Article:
Buxton is a spa town in Derbyshire, England. It has the highest elevation – about 960 feet (290 m) above sea level – of any market town in England. Close to the county boundary with Cheshire to the west and Staffordshire to the south, Buxton is described as “the gateway to the Peak District National Park”. A municipal borough until 1974, Buxton was then merged with other localities lying primarily to the north, including Glossop, to form the local government district and borough of High Peak within the county of Derbyshire. Economically, Buxton is within the sphere of influence of Greater Manchester. The population of the town was 22,115 at the 2011 Census.
from Derbyshire Heritage
Buxton stables and dome
Above the crescent, on the west side, the 6th Duke of Devonshire built a fine circular set of stables, which he gave to charity in 1859 to be converted into the Devonshire Royal Hospital. The architect, Henry Curry, covered the circular exercise area in the centre of the stables with a huge iron-framed dome covered in slate.
Until recently this was the largest unsupported dome in the world.The hospital closed about 2000 and the building was converted by the University of Derby, as the centrepiece of their Buxton campus.
Buxton Crescent was opened in 1784. Built by John Carr for the Fifth Duke of Devonshire with a view to developing the ancient spa it cost £120,000.
Traditionally this is said to have been paid for from the profits of his copper mines at Ecton in the Manifold Valley but this is given little credence at Chatsworth. Built of local stone along with the impressive domed stables.
Henry Curry, covered the circular exercise area in the centre of the stables with a huge iron-framed dome covered in slate. Until recently this was the largest unsupported dome in the world.
The stables were later to become the Devonshire Hospital which closed in 2000 and then converted by the University of Derby, as the centrepiece of their Buxton campus.
The position of the Crescent at the foot of the Slopes is believed to be due to a stubborn landowner who asked too much for the preferred imposing site on the hill top.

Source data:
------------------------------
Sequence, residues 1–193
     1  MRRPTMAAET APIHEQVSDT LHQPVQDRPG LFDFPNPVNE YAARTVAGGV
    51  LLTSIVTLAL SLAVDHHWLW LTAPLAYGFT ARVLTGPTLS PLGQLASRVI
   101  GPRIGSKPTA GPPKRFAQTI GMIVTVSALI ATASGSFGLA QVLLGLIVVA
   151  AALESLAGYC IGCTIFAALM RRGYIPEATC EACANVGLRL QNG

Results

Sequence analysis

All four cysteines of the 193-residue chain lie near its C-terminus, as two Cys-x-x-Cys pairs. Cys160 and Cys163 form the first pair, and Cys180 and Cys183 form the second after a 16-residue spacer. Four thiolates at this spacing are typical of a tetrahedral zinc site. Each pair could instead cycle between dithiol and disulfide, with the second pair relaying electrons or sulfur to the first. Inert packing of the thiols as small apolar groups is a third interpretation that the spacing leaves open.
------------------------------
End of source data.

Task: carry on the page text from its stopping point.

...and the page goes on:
St.Anne’s Well, one of the seven wonders of the Peak, faces the Crescent and St. Anne’s Chape stood here until it was closed by Henry VIII.
Old Buxton Market Place stands on the hill top, and claims to be the highest market place above sea level in England. It still keeps the stump of its old cross
Buxton Lime Firms (BLF)
The Solvay process (also referred to as the ammonia-soda process) is the major industrial process for the production of sodium carbonate and was developed by Ernest Solvay in the 1860s. The process uses salt brine either from inland sources or from the sea and limestone. Around 1874 John Brunner and Ludwig Mond established the Solvay process for the manufacture of soda ash at Northwich. Salt was readily available locally and limestone came from Derbyshire.
By 1891 fierce competition saw thirteen quarry owners amalgamate their seventeen quarries into Buxton Lime Firms controlled by four directors who raised the price of stone and lime and thus subsequently increased production by modernisation and development.
BLF owned 1522 acres of land, 89 lime kilns (including 2 Hoffmans), 21 large stone crushers and 3 collieries. They produced 360,000 tons limestone and 280,000 tons lime per year and dominated the industry in Derbyshire. Between 1895 and 1915 a further nine quarries were either started or bought and a limekiln building program started.
Major quarries at Tunstead and Hindlow were developed and expanded.
Tunstead was started in 1929 but it wasn’t until 1935 that the first three Patent Lime Kilns were commissioned. Hindlow was expanded with seven new kilns in 1930/31.
Brunner and Mond owned a controlling share in BLF and in 1926 four major chemical companies in Great Britain (Nobel Industries Ltd.; Brunner, Mond and Company Ltd.; United Alkali Company; and British Dyestuffs Corporation) merged to become Imperial Chemical Industries (ICI).
During WWII many kilns were decommissioned as they could not conform with the strict blackout regulations. This obviously reduced production but this was overcome by enclosing the top of the kilns and fortunately this improved their efficiency and led to the development of a new type of kiln.
The BLF logo on one building is probably the last reminder of this part of Derbyshire’s Heritage.
St Anne’s Well
The spring at St Ann’s well was probably a place of pilgrimage as early as the Middle Ages, but certainly by Tudor times it was fairly well established as a spa and in Elizabeth I’s time it was visited for this purpose by The Earl of Leicester, Lord Burghley and no less than Mary Queen of Scots, who was being held captive by the Earl of Shrewsbury and his wife Bess of Hardwick at nearby Chatsworth.
The Old Hall Hotel dates back to 1573 when the captive Mary Queen of Scots stayed at the hotel.